Nothing tastes better than a recipe that has been handed down from one generation to the next. Cooked with care, using family recipes imbues the chef with pride in knowing that this is how grandma made it. However, many of us don’t take the time or care to preserve these recipes.
In fact, many of us don’t even bother to write down the recipes our family uses, assuming we will be able to teach them to the next generation much like they were taught to us – in the kitchen with hands on demonstration.
The sad fact is, there is a chance that these recipes won’t get passed on and could be lost to our children and grandchildren.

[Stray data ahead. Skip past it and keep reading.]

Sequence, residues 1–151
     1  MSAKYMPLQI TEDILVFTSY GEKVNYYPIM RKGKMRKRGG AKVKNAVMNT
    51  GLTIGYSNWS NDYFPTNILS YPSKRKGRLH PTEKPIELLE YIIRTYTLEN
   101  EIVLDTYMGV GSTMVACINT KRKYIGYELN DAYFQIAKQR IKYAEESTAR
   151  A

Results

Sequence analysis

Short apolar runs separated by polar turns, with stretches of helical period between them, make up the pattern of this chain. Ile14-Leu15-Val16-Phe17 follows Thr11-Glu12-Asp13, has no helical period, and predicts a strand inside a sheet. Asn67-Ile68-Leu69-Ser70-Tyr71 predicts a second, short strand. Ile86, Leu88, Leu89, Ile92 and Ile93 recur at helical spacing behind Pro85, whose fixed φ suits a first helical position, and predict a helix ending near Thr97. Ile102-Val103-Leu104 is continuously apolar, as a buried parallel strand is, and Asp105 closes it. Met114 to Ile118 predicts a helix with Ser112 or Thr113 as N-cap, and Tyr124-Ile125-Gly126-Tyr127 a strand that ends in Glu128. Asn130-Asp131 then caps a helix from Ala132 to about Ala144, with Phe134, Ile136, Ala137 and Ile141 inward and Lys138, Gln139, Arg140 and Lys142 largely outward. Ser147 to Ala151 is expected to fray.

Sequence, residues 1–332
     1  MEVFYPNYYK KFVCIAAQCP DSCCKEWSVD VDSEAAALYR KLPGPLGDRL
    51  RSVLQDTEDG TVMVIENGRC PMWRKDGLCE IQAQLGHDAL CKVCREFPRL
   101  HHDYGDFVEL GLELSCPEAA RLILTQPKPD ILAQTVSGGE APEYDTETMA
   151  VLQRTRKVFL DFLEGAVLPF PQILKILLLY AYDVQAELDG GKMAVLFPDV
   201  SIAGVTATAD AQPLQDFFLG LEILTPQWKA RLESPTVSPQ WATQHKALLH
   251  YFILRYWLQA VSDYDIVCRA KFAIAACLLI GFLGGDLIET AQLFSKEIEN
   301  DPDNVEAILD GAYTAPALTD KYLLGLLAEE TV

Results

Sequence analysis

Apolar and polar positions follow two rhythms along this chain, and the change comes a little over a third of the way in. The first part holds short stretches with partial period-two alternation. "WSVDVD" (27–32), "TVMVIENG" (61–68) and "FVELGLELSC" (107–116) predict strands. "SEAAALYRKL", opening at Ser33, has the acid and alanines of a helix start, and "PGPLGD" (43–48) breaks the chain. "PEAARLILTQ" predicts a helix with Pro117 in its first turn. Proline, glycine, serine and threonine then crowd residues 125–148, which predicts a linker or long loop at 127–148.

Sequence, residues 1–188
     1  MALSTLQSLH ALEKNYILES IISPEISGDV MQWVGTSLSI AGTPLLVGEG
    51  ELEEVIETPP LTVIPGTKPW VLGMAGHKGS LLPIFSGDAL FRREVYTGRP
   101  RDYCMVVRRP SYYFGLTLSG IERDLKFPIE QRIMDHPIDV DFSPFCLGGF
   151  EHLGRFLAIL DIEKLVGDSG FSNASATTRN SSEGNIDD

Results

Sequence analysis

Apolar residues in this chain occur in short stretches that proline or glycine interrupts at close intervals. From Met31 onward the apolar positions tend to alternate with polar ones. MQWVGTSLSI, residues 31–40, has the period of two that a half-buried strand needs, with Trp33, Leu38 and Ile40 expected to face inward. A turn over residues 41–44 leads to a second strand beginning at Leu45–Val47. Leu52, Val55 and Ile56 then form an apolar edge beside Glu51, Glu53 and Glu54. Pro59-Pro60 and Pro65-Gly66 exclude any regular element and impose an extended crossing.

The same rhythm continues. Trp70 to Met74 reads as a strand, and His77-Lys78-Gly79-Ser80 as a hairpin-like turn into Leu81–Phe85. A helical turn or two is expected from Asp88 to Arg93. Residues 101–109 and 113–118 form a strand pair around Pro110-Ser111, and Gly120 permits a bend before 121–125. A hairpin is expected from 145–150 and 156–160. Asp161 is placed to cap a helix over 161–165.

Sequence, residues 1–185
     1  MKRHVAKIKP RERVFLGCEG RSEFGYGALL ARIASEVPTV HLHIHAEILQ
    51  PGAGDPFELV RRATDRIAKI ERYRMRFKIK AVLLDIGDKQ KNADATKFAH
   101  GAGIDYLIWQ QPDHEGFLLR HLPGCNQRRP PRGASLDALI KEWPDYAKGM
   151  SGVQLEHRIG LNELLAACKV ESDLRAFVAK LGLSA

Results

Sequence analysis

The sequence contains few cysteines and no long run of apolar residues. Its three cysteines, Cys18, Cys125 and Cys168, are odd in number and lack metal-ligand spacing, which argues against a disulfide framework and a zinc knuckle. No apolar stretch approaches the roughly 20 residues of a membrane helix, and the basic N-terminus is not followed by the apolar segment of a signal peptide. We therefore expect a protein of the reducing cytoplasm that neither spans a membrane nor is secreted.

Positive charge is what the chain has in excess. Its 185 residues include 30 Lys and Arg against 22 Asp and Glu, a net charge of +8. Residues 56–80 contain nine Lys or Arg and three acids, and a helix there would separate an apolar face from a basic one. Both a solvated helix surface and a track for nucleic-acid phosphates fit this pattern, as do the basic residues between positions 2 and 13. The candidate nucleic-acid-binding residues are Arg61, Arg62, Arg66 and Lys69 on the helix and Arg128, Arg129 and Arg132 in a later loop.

In our busy world, many people don’t cook or, when they do, it’s something quick and easy.
Old recipes that require hours preparing pastry dough or stirring a simmering pot just aren’t on the schedule for today’s families on the go.
I’ve heard many friends lament that they wish they’d written down a recipe their grandmother made because their own mothers were too busy or didn’t know how to make it themselves.
Then there are those of us who do have recipes written down by forward-thinking (or forgetful) relatives and ancestors.
These slips of paper and little cards are complete with the addition of years stains from kitchen spills as well as faded, scribbled handwriting, usually in cursive, which few people today can decipher.
Written recipes are heirlooms in themselves. Not only do they pass on the recipe, they also preserve a treasury notes about the food and the intimacy that is the handwriting of the person who made it.